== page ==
Stand Up for Your Health
Taking the steps to evolve your workstation into one that allows you to both sit and stand can affect your health in monumental ways. When you're ready to build the workspace that uplifts you, we're here to help. This page was made to help you find the best ergonomic tools to achieve an ideal sit-stand balance at work.
Work Better. Live Healthier.
More Sitting = More Health Problems
Epidemiologic studies have reported that sitting time is not only associated with all-cause mortality*, but also with metabolic syndrome and non-communicable diseases such as Type 2 diabetes, fatal and non-fatal cardiovascular diseases, and even some cancers. 
*All-cause mortality is defined as all of the deaths that occur, regardless of cause, in a single population or collection of populations during a period of time.
"Thirty-five chronic diseases and conditions are associated with sedentariness."  These aren't minor health problems, either. We're talking major conditions like...
In a separate study tracking the correlation between sedentary behavior and mortality, researchers found that people who sit for bouts of 60+ minutes were associated with a greater risk for all-cause mortality. **
And It Gets Worse...
Physical inactivity is associated with major non-communicable diseases and all-cause mortality. It's estimated that 31% of the global population does not meet current physical activity recommendations. The burden of disease attributable to inactivity was recently estimated to be responsible for 6% – 9% of the total deaths worldwide. 
"Among all the countries, sitting time >3 hours/day was responsible for approximately 433,000 deaths." 
Bodies Were Built to Move
Standing more doesn't just stop the development of deadly diseases; non-exercise activity thermogenesis (NEAT), or the calories that are expended by staying active throughout the day, has been found to actually improve the way the body handles insulin . Want an easy way to incorporate more activity into your day? Try adding a height adjustable standing desk and a motion board to your workspace.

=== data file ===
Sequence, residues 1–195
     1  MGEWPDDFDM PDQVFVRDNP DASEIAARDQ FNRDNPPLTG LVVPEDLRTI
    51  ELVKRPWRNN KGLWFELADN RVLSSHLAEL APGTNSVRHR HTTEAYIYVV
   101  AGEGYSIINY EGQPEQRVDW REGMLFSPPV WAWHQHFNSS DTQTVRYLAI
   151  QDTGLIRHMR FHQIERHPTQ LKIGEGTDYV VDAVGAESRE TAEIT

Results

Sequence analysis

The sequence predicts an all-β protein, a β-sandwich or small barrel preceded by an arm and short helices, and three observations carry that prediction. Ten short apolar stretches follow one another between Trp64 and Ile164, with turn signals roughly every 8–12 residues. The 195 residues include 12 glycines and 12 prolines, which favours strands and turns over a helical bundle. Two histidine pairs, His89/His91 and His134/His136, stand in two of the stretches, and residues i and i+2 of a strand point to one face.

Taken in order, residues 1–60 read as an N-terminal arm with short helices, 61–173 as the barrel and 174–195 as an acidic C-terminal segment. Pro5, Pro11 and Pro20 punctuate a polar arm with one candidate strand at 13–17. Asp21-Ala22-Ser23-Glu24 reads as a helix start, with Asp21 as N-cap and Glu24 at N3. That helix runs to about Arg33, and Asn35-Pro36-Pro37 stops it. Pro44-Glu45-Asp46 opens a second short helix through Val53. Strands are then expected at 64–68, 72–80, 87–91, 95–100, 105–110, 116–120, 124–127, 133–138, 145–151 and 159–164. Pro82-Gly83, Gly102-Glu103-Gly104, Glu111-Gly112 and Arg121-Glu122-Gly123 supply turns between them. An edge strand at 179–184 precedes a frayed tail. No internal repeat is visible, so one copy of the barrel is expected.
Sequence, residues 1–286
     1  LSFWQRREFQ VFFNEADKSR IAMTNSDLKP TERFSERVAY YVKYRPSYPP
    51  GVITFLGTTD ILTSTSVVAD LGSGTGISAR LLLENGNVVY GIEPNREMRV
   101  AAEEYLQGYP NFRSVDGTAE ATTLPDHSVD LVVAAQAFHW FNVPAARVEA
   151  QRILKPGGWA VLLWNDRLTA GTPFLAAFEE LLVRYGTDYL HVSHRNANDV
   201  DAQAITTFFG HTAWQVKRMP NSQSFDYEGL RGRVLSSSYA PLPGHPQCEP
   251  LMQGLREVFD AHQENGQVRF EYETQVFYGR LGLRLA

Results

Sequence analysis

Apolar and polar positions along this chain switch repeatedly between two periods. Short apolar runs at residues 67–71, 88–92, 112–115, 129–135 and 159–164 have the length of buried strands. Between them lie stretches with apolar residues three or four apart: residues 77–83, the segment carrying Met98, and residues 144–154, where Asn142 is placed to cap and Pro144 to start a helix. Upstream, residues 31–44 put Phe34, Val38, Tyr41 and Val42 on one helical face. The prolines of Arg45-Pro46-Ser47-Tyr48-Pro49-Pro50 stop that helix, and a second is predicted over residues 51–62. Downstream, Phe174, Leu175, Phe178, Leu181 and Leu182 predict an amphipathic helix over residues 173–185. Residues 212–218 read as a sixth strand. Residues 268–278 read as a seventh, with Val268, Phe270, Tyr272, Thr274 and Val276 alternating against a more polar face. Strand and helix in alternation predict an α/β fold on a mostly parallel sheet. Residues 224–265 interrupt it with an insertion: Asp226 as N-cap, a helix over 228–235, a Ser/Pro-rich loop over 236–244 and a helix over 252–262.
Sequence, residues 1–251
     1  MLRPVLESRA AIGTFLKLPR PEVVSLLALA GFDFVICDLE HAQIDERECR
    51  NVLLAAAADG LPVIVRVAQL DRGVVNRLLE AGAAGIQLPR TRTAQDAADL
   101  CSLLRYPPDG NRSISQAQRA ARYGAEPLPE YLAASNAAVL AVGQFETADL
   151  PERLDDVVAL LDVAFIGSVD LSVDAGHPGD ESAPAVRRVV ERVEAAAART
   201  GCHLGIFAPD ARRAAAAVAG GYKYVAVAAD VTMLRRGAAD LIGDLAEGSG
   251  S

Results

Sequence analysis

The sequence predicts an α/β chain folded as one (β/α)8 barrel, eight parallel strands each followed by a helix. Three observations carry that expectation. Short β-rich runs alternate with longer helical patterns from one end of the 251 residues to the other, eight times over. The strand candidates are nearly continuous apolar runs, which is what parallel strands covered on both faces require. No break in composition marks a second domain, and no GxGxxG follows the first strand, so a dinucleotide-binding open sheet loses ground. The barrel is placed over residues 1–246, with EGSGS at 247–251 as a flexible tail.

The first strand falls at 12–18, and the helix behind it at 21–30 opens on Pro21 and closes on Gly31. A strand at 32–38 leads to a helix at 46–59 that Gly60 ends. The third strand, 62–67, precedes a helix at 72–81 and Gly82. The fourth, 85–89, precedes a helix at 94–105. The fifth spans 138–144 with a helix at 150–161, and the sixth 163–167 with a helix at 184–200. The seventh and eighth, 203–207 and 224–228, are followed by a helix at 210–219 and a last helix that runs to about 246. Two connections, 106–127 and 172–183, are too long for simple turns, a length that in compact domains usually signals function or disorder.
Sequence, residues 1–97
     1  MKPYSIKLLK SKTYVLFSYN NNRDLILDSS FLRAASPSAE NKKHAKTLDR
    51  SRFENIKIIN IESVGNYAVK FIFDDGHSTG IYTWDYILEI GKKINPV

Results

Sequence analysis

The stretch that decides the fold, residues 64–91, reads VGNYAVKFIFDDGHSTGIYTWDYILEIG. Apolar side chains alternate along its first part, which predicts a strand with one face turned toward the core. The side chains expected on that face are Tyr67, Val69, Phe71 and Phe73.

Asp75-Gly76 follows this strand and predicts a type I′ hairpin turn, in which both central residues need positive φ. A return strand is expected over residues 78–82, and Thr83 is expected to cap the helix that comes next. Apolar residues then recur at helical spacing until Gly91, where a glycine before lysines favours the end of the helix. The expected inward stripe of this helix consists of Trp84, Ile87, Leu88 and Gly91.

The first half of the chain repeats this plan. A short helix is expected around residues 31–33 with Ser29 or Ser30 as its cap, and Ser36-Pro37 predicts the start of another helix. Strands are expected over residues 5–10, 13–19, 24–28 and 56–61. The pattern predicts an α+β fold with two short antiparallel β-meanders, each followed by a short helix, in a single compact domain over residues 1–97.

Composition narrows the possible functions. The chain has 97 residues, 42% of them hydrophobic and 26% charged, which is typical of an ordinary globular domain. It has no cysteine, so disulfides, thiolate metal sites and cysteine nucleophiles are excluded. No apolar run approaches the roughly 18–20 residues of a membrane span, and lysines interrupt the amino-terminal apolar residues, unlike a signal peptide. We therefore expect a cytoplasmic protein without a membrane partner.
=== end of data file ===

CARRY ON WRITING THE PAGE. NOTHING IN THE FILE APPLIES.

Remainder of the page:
"Brief interruptions to sitting can lead to significant reductions in postprandial glucose and insulin - irrespective of activity intensity." 
Ergonomics & Energy Levels
Instead of reaching for the afternoon caffeine buzz to make it until 5 pm, try getting a jolt of energy from walking on a desk treadmill while you work. Researchers found that breaking up periods of sitting throughout the day with short sessions of light-intensity walking was enough to boost energy levels in the fight against fatigue. 
Or if your goal is to sit less, try standing up while you work to put a spark back into your workday. Finch, Tomiyama, and Ward found that participants felt more engaged, alert, and enthusiastic while they were standing at a desk rather than sitting. 
Need tips on how you can set up your sit-stand workstation to enjoy all of these work-boosting health benefits? No worries, just use our Ergonomic Calculator to get quick and reliable measurements of your ideal ergonomic heights for your desk, monitors, keyboard, and office chair.
"Within minutes of standing and walking, a person's energy expenditure doubles. A person moving at 1-2 mph expends an additional 100-250 calories per hour (depends on size of person, etc.) above basal energy expenditure." 
Ready to Stand Up for Your Health?
Standing more is a scientifically proven way to help you stay healthier. By simply standing 15 minutes every hour, you'll start to feel the benefits of a sit-stand lifestyle without having to ramp up your exercise regimen or commit extra time to working out. More energy, increased productivity, and less risk of developing a host of health problems are just a few of the things you have to look forward to when you take a stand against sitting. Don't you think it's time you took the first step?
1. Machado de Rezende, L. F., Herick de Sa, T., Mielke, G. I., Viscondi, J. Y., Rey-Lopez, J. P., & Garcia, L. M. (2016). All-cause mortality attributable to sitting time: Analysis of 54 countries worldwide. American Journal of Preventive Medicine, 51(2), 253-263.
2. Levine, J. A. (2015). Sick of sitting. Diabetologia, 58(8), 1751-1758.
3. Keith M. Diaz, PhD; Virginia J. Howard, PhD; Brent Hutto, MSPH; Natalie Colabianchi, PhD; John E. Vena, PhD; Monika M. Safford, MD; Steven N. Blair, PED; and Steven P. Hooker, PhD. (2017). Patterns of Sedentary Behavior and Mortality in U.S. Middle-Aged and Older Adults. Annals of Internal Medicine.
4. David W. Dunstan, Bethany Howard, Genevieve N. Healy, Neville Owen. (2012). Too much sitting – A health hazard. Diabetes Research and Clinical Practice, 97(2012)368–376.
5. Wennberg, P., Boraxbekk, C., Wheeler, M., Howard, B., Dempsey, P. C.,... Dunstan, D. W. (2016). Acute effects of breaking up prolonged sitting on fatigue and cognition: a pilot study. BMJ Open, 6(2).
6. Finch, L. E., Tomiyama, A. J., & Ward, A. (2017). Taking a stand: The effects of standing desks on task performance and engagement International Journal of Environmental Research and Public Health, 14(8), 939.
** "Accumulation of sedentary time in bouts of 60 to 89 and 90 or more minutes was associated with a greater risk for all-cause mortality; conversely, accumulation of sedentary time in 1- to 29-minute bouts was associated with less of an increased risk." ( Diaz et al., 2017)